In our last class of 2015, we wrapped up our study of the Lord’s Prayer by considering how we could look at the Lord’s prayer as a New Year’s Prayer.
The participants in the class made some great observations:
“Forgive us our debts as we forgive our debtors”. The beginning of the year is a great time to forgive things in the past, let go of hard feelings that are hindering our relationships, and make a fresh start.
“Deliver us from evil”. We live in a scary world with active shooters, radical Islamic terrorists, and all the daily dangers associated with life in a busy, congested, fast-paced communities. We pray for God’s protection from both physical and spiritual (“lead us not into temptation”) evil.
“Thy will be done on earth as it is in heaven”. 2016 is an important election year in the US. Elsewhere we are instructed to pray for kings and all who are in authority that there may be peace. We are not to give up on this world. Prayer can fix this and we should be committed to doing what we can to make life on earth more as it is in heaven.
Perhaps the most practical point made in class was to not overlook the obvious: We need to pray! Jesus said, “In this manner, therefore, pray”. Maybe the best “resolution” we can make, the one that has the most power to transform us, is to be sure to pray!
The end of the year is a great time to get advice from Jesus about how to approach life. Four times Jesus used language similar to “For whoever desires to save his life will lose it, but whoever loses his life for My sake will find it” (Matthew 16:25, Matthew 10:39, Luke 17:33, John 12:33).
The statement is a warning that if we live for sinful or selfish pleasures we will lose out on life (perhaps now in some way but especially in eternity). It is a promise that if we are willing to turn our life over to God, we will preserve (find, save) our life. If peace and satisfaction elude us, perhaps we need to turn our life over to God. He promises us if we do we will “find it”.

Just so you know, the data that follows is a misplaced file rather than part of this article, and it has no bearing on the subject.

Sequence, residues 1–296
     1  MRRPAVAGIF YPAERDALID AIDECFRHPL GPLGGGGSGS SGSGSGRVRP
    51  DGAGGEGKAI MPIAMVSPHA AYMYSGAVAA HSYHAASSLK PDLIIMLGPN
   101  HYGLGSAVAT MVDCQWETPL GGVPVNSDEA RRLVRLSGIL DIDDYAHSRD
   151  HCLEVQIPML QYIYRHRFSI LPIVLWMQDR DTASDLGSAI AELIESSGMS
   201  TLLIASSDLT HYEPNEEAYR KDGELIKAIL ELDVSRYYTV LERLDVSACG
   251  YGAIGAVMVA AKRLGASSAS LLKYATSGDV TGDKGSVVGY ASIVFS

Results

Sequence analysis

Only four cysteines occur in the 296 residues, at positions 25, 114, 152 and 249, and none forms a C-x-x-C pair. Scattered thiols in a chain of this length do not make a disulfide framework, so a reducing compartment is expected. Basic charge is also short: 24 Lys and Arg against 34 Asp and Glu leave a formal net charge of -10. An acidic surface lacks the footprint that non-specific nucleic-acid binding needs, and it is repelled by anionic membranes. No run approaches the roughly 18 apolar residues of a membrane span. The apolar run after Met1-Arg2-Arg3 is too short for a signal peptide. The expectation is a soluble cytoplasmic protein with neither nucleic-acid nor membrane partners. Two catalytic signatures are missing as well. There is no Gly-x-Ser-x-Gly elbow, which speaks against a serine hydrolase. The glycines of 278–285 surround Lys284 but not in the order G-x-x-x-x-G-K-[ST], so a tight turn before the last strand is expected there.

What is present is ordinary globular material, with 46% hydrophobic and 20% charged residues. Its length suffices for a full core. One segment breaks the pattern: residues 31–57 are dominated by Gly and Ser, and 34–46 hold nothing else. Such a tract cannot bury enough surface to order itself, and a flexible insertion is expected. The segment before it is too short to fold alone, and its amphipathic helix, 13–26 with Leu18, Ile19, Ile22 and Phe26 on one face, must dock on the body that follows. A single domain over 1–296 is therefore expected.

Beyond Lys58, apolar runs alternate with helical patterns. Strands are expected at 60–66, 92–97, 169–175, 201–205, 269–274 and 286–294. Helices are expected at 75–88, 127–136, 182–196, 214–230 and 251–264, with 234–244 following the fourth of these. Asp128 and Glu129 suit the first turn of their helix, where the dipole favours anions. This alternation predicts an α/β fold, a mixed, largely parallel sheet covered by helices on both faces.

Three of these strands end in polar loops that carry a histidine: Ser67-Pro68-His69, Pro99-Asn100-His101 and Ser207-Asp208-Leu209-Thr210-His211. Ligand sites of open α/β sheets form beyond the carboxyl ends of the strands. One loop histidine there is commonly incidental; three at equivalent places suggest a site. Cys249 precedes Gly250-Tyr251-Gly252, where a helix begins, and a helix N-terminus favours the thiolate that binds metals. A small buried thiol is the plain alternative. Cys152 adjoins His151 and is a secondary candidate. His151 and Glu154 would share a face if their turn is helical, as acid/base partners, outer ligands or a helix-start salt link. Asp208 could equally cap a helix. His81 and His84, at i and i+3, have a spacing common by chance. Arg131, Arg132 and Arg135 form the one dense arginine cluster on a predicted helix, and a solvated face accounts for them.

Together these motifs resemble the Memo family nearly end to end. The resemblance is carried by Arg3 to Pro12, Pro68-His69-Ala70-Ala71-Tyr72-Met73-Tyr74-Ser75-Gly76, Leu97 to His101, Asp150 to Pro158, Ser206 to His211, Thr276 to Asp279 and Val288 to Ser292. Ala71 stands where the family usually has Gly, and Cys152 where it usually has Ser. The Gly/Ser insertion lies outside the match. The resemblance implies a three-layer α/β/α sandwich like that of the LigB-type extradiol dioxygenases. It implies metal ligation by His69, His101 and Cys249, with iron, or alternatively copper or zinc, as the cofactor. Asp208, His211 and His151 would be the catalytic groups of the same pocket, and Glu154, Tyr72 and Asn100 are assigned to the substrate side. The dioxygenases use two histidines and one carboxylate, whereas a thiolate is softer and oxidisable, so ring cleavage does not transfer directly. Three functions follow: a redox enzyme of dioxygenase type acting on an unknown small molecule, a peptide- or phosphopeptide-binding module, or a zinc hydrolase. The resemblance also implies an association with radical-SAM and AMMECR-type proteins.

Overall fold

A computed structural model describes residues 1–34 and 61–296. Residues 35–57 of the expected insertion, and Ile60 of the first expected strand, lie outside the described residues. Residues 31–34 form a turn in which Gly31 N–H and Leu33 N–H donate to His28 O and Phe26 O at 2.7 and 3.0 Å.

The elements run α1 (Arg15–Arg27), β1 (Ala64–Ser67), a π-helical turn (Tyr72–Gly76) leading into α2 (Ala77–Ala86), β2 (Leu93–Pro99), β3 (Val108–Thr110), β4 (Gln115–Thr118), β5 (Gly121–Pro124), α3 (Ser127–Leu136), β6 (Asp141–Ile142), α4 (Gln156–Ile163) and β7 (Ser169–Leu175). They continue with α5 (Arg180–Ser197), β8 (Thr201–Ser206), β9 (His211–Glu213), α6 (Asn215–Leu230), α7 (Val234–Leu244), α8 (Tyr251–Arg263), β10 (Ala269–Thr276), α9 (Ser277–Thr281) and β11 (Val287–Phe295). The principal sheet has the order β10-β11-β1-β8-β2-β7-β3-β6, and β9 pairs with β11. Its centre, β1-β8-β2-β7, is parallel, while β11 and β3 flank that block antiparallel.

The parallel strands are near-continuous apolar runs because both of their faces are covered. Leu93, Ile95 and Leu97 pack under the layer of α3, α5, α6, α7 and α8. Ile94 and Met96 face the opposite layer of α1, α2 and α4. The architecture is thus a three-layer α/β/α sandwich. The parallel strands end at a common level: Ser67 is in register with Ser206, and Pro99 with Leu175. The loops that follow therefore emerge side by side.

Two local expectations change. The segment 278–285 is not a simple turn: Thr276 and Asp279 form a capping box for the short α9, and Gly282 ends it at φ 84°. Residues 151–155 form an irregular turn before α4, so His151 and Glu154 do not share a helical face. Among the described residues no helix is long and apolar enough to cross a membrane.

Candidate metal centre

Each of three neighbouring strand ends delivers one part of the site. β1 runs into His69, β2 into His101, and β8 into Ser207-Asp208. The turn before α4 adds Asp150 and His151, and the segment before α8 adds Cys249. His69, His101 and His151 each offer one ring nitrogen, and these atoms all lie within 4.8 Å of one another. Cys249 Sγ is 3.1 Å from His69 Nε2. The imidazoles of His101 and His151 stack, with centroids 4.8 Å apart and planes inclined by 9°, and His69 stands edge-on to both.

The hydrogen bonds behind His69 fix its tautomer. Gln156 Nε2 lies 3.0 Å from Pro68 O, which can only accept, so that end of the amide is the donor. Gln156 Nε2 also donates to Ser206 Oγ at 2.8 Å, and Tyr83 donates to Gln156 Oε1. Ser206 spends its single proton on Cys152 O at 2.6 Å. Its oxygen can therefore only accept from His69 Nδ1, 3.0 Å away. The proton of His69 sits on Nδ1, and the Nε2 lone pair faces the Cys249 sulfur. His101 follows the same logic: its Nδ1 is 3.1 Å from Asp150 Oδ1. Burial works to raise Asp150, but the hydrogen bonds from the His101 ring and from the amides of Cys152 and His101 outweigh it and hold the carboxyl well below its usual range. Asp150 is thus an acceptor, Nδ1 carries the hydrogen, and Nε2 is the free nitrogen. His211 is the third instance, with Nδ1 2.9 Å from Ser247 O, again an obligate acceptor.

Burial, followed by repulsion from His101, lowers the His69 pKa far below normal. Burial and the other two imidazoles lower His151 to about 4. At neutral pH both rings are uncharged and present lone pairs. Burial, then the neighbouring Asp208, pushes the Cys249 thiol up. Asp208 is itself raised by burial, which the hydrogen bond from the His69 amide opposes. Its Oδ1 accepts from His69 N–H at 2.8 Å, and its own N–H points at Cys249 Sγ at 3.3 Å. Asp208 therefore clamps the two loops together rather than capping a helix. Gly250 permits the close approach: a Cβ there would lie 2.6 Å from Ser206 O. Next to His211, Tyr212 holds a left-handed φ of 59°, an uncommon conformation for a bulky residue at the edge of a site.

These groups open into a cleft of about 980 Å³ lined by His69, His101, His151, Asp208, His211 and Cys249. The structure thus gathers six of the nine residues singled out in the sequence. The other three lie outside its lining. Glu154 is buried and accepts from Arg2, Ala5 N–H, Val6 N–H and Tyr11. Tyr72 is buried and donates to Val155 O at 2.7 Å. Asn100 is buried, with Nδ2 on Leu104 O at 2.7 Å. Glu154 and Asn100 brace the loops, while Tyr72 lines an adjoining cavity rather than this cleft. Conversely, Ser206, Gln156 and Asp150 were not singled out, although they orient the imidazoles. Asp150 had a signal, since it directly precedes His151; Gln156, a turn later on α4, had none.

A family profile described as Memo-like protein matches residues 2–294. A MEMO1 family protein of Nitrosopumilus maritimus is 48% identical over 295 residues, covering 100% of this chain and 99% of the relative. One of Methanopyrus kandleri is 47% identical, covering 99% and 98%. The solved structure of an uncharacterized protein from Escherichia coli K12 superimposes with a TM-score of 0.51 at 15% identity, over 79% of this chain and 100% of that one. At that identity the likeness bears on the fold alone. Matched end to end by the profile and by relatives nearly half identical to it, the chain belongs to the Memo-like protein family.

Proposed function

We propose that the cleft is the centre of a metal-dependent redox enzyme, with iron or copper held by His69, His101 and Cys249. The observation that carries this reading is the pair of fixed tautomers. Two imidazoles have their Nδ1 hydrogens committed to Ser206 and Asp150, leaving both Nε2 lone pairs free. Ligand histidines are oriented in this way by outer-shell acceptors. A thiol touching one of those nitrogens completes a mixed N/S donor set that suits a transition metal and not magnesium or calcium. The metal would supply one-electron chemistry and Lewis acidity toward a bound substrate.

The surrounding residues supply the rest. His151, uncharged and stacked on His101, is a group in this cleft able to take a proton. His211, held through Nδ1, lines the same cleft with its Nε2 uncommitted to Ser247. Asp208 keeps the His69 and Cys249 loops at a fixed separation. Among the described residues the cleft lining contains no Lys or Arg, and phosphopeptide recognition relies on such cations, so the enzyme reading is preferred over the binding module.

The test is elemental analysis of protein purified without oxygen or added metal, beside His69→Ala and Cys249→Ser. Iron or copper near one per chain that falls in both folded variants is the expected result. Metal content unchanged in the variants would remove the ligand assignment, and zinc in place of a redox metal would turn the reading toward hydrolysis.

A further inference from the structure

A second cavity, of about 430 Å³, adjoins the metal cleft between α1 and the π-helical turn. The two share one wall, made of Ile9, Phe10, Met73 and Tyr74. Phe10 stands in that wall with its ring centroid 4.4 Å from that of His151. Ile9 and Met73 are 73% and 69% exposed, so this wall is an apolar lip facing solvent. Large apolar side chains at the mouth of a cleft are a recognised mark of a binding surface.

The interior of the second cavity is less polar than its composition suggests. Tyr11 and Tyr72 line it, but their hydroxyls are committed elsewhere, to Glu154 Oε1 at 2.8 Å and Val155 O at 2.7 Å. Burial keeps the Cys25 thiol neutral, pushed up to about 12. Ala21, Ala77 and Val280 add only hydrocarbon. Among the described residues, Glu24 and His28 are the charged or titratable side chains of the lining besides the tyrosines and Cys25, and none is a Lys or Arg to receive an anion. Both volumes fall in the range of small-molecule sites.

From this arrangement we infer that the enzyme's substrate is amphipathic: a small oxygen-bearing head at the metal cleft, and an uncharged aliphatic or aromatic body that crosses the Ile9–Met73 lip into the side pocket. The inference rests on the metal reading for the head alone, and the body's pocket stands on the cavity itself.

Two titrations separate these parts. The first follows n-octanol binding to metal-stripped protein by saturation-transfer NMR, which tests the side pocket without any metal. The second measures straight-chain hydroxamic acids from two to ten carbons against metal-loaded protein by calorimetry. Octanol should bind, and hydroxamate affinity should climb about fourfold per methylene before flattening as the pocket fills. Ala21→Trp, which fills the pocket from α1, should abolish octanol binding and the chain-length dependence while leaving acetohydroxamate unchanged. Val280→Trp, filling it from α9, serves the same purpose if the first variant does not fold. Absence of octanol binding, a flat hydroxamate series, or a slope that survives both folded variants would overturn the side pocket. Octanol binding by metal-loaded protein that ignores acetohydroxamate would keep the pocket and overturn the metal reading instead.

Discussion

Question: Jesus isn’t asking us to do anything He wasn’t willing to do Himself. In the 4th occurrence (John 12) Jesus seems include Himself in this principle. How did Jesus life exemplify the principle, “For whoever desires to save his life will lose it, but whoever loses his life for My sake will find it”?
Two qualifications the Christ had to meet were (1) He had to be of the seed of David and (2) He had to be born in Bethlehem. Jesus fit both and thus was qualified to be the Messiah.
Sunday we pondered how amazing it was that Jesus was born in Bethlehem. Micah 5:2 prophesied this would be the case: “But you, Bethlehem Ephrathah, though you are little among the thousands of Judah, yet out of you shall come forth to Me the One to be Ruler in Israel, Whose goings forth are from of old, From everlasting.”
Joseph and Mary lived in Nazareth. What circumstances led to Jesus being born in Bethlehem?
What does Micah 5:2 say about the person of the king that would disqualify all other human kings?
Listen to the lesson “Birthers Of The New Testament”.
Last night we began a brief study of the Lord’s Prayer recorded in Matthew 6 and Luke 11.
Jesus taught to begin with “Our Father in heaven, Hallowed be Your name”.
In this salutation we see two reminders of who God is. He is the Holy God in Heaven and He is our Father. That is who we petition in prayer!
How do these two truths give us confidence and motivate us to pray?